A: I still believe in the community-law enforcement partnership model that provides a channel for dialogue that builds trust- genuine dialogue and partnership. But take Detroit now. I was the co-founder, along with the former US Attorney Jeff Collins, right after the national tragedy of September 11 attacks, of  BRIDGES. BRIDGES is a premier law enforcement- community forum that I co-chaired until 2013. I was invited nationally and internationally to speak about BRIDGES. Now, sadly, you hear many are questioning the integrity of the process itself- it has lost its inclusivity. Those who are allowed to participate in it are chosen on the basis of who knows who and other ill- defined criteria. As a founder of BRIDGES, I urge all, especially the government stakeholders, to objectively reassess and evaluate the engagement process.

Q: What do you think needs to be done with BRIDGES?

A: The value of engagement is measured by keeping it an inclusive body that is not mandated or governed by parochial, irrelevant to the forum, political agendas and limitations. This is a forum of dialogue to all and it should include all the stakeholders- not only those who are of politically convenient. These days this engagement is direly needed given the many divisions we see and the challenges the community, the country and indeed the whole world faces. Time is overdue to return it to its original mission. BRIDGES is valuable and a model of community-law enforcement engagement. It has to be restored to its old inclusive self. Otherwise, it is perceived that the government stakeholders are taking sides in small community politics and community rivalries that are irrelevant to the process. The government stakeholders have to be careful not to be perceived as taking sides in internal community disputes.

Q. The DHS Secretary visited Dearborn about a month ago. What happened there?

A: That meeting was a good example of dialogue done wrong. Key voices were excluded- it defeats the purpose. AHRC and others were excluded from the meeting. This violates the letter and the spirit of BRIDGES. Many people feel the same way.  I feel I have an obligation to speak out on this issue since I am a co-founder of BRIDGES.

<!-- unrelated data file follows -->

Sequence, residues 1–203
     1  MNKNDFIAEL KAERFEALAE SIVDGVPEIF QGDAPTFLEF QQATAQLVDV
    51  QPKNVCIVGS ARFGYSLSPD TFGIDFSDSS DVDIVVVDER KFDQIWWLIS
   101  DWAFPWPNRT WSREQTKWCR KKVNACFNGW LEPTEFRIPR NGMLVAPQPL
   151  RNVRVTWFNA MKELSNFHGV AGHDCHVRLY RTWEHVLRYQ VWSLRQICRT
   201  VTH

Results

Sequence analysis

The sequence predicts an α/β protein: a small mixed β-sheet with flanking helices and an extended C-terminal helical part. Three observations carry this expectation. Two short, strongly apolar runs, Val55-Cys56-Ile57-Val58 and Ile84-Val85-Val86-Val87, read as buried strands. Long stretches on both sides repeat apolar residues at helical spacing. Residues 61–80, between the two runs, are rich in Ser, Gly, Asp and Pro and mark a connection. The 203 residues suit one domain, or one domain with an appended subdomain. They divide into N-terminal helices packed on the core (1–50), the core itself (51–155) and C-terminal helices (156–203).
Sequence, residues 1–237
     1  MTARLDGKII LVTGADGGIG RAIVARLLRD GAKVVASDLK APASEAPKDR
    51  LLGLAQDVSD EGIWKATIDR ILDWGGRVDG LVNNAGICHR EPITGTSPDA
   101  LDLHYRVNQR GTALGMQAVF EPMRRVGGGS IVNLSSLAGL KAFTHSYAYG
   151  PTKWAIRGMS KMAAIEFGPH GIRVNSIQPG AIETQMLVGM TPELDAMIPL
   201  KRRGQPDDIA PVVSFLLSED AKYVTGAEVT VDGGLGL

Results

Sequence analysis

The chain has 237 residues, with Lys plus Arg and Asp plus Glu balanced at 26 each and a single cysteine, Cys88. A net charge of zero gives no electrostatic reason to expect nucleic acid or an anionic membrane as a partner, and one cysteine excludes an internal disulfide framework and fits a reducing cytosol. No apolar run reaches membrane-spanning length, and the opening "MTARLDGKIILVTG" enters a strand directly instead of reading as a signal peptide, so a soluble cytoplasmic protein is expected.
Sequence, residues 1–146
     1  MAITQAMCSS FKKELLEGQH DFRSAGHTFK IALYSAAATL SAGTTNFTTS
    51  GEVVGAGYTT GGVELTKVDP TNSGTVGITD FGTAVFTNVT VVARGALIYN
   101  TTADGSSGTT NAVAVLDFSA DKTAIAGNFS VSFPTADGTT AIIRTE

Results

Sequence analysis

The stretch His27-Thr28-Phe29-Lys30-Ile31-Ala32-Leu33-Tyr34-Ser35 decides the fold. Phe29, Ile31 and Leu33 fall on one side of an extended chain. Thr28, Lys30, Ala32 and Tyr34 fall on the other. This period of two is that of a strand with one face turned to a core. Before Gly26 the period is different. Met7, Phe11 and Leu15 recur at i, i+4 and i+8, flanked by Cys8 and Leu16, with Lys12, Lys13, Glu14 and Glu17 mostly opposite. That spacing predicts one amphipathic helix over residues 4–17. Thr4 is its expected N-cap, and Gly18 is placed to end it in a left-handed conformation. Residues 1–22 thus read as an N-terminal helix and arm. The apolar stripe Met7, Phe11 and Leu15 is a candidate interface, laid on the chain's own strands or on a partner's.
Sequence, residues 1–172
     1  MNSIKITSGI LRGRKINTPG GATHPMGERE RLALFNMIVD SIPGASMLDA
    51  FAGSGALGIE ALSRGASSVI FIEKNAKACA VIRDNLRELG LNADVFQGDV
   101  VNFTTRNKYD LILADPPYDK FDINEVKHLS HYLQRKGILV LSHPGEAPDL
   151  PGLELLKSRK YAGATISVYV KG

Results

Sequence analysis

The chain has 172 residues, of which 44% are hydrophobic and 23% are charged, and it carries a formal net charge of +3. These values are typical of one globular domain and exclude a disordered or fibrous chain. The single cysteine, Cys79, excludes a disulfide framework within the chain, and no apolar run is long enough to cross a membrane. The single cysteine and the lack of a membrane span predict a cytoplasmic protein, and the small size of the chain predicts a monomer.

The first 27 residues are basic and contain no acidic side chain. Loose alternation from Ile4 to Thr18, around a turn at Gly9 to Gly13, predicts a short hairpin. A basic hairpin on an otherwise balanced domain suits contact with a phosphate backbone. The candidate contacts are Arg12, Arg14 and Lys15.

Q: How is AHRC’s relationship with the media?

A: The media is crucial to our message and they have been great. We have a great relationship. AHRC is often sought for comment on matters related to human rights. I also write a guest column on human rights matters in the Detroit News. Our voice is definitely heard.

Q. What challenges do you see for NGO work in the Arab and Muslim American community?

A: There is a need for a strategic plan. There is some progress but we still see that our work overall is reactive and crisis driven. We need to respect specialization. We can’t all be doing everything at the same time regardless of our mission. We should complement each other’s work. The Muslim Ban issue brought us all on the same page, but what happens after a crisis fades? We need a strategic plan.

Q: What are you thankful for?

A: The donors, the board, the supporters and the volunteers. Our board consists of diverse talented people who are vital to our success. The young interns we have are extraordinary and reassure us that the future is promising.


Northern Iraq as “an island of democracy and peace”

It seems that wherever there is fighting in the Arab world, somehow you see French Bernard-Henri Levy. One is tempted to think t...